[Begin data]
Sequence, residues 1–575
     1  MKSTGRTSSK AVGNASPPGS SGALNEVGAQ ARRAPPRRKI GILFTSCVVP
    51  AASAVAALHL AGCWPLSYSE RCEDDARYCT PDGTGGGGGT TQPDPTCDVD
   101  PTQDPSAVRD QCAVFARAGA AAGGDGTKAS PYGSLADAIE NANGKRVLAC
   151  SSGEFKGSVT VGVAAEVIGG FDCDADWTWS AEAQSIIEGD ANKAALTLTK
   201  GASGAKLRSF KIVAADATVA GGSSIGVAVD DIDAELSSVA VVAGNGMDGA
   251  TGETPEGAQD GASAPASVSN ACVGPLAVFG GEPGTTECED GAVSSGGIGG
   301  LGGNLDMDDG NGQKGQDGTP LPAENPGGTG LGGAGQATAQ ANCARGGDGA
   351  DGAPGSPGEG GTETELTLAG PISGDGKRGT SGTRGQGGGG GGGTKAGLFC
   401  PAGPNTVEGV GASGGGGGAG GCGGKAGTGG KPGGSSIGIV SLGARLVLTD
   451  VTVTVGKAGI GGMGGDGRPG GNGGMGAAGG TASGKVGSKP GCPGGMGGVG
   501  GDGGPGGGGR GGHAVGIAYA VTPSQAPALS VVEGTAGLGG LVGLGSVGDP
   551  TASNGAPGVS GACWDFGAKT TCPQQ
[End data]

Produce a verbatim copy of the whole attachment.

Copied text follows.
Sequence, residues 1–575
     1  MKSTGRTSSK AVGNASPPGS SGALNEVGAQ ARRAPPRRKI GILFTSCVVP
    51  AASAVAALHL AGCWPLSYSE RCEDDARYCT PDGTGGGGGT TQPDPTCDVD
   101  PTQDPSAVRD QCAVFARAGA AAGGDGTKAS PYGSLADAIE NANGKRVLAC
   151  SSGEFKGSVT VGVAAEVIGG FDCDADWTWS AEAQSIIEGD ANKAALTLTK
   201  GASGAKLRSF KIVAADATVA GGSSIGVAVD DIDAELSSVA VVAGNGMDGA
   251  TGETPEGAQD GASAPASVSN ACVGPLAVFG GEPGTTECED GAVSSGGIGG
   301  LGGNLDMDDG NGQKGQDGTP LPAENPGGTG LGGAGQATAQ ANCARGGDGA
   351  DGAPGSPGEG GTETELTLAG PISGDGKRGT SGTRGQGGGG GGGTKAGLFC
   401  PAGPNTVEGV GASGGGGGAG GCGGKAGTGG KPGGSSIGIV SLGARLVLTD
   451  VTVTVGKAGI GGMGGDGRPG GNGGMGAAGG TASGKVGSKP GCPGGMGGVG
   501  GDGGPGGGGR GGHAVGIAYA VTPSQAPALS VVEGTAGLGG LVGLGSVGDP
   551  TASNGAPGVS GACWDFGAKT TCPQQ